The game only offers four character ÂclassesÂ to choose from (Knight, Vanguard, Archer, and Man-at-Arms) but there is a wide variety of weaponry available to all. Players who really learn the system are rewarded by the ÂFreeform Combination SystemÂ that allows you to combine attacks and blocks at a greater speed, making for some true whirlwind-style assaults.
I familiarized myself with the control scheme as I sat down to pit my skills against those of fellow Ten Ton Hammer minion Reuben ÂSarduÂ Waters. For a game with so much freedom of action, the controls are actually a quite simple combination of mouse and keyboard to get yourself around and into the thick of things. Sardu came running in from the opposite side of the arena, sword raised on high, posed to deliver a crushing overhead stroke that was sure to split me open from neck to crotch. Unfortunately for him, I chose to sidestep slightly; his haymaker attack going ÂswooshÂ past me. A couple of quick stabs later, and the camera pans out to show me gleefully chopping away at his armless corpse. On to round two!
I would have happily sat there all day trading blows with Reuben, but the back of my head started getting uncomfortably hot from the angry glares of everyone else waiting in line for their chance to hack someone into a bloody pulp. I considered trying to get in one last round in the arena, but the impending hail of Bioshock top hats and cardboard novelty shields was sure to put me off my game.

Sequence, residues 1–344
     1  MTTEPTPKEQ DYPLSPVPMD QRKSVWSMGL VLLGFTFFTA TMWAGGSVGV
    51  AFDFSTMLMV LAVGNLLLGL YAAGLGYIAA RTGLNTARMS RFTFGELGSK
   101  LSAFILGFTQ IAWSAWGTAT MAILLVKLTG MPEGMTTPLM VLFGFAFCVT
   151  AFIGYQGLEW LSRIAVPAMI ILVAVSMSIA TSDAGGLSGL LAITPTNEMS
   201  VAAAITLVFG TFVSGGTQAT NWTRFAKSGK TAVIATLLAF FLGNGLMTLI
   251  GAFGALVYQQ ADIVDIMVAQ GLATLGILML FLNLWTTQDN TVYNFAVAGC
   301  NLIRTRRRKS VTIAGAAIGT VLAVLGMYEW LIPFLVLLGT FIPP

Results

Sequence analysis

Out of all the games I was able to get a hands-on with at PAX East 2012, this one was one of the most enjoyable for me. Quick and dirty combat right up front! Enough so that it overcame my natural desire to camp in the back and pick off stragglersÂ youÂre using the same sort of arsenal as youÂd find in War of the Roses, but somehow Chivalry has an entirely different feel to it. Paradox is well-known for producing very detailed and accurate historical simulations, and this foray into the First Person world with War of the Roses feels like that Â true to historical context in almost every way. Chivalry has a much more arcade-y feel to it, which is more likely to appeal to the twitch gamer crowd out there thatÂs bored of repetitive Call of Duty and/or Battlefield multiplayer. Both are worthy additions to a genre of game that I havenÂt seen done since 1998s Die By The Sword.